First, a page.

Sunday, August 31, 2008

John McCan't...

I don't get it. I really don't get it.

Why would anyone in their right mind vote for John McCain? Why?

I've only been able to discover two reasons someone might vote for him as president of the US:

1-He's a Republican party candidate and they're voting Republican no matter what. (Why they'd do that, I don't know.)

2-He's "pro-life." (I put that in quotations because he's not 100% pro-life. He's about 75% pro-life when it comes to his voting record and past statements on his stance.)

I can't find any other reason someone might vote for him. And those two don't make a lot of sense... actually, the first makes no sense. But the second makes some sense. I just don't see how you can boil everything down to that. You want to support someone who doesn't support the killing of babies, right? But what about the Iraqi babies he doesn't mind killing? I'm pro-life, sure. But I'd take it a step further: (to quote Rick Warren) I'm whole life. I care about the child after its born--about its healthcare and education and the economic circumstances of its family and so on. Being pro-life is a big picture issue. Its not just a political stance. Being pro-life isn't about voting Republican. In the same vein, for a president to call himself/herself pro-life, they need to be more holistic about it than simply being opposed to abortion.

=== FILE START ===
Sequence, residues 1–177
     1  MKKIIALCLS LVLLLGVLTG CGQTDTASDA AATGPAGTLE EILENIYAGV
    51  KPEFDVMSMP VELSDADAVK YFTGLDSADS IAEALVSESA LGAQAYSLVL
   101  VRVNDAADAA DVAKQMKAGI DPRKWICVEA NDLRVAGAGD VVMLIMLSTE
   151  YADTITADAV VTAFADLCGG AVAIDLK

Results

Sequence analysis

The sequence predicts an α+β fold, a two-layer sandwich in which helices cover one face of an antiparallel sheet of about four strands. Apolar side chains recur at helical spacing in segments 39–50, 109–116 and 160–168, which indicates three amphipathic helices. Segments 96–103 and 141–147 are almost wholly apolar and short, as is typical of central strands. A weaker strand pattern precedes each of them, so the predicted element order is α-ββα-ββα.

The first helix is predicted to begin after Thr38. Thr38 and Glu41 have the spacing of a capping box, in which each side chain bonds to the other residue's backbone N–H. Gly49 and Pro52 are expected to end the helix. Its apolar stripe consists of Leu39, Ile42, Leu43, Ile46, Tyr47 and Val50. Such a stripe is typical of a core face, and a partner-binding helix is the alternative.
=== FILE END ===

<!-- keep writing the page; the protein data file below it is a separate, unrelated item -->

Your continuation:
I'm not the biggest Obama supporter. (I'm actually a big Clinton supporter, but that's old news and another post). But telling people I'll vote for Obama brings with it a set of assumptions from a lot of folks. Collin and I talk about this all the time: I'm not a Republican, I'm not a Democrat, I'm not a conservative, and I'm not a liberal. But sadly, in the current US political system, people assume that if you're not one, you're the other. Please don't. Just because I'm opposed to John McCain doesn't mean I'm opposed to right-wing political stances. Just because I'll vote for Obama doesn't mean I'm pro-abortion. My world view is much bigger than that.

Voting for a president is such a big decision. I hope we put all of our thoughts, feelings, logic, reason, and experience behind who we vote for. This is the next four years for all of us, but the repercussions will last much longer than that...

Wednesday, August 27, 2008

the Windy City...

The wife and I are specifically not having kids for a while for several reasons--one of which is that we want to travel. We like our freedom and want to see as much as possible while we're young and we can. With that in mind, we headed to Chicago last weekend.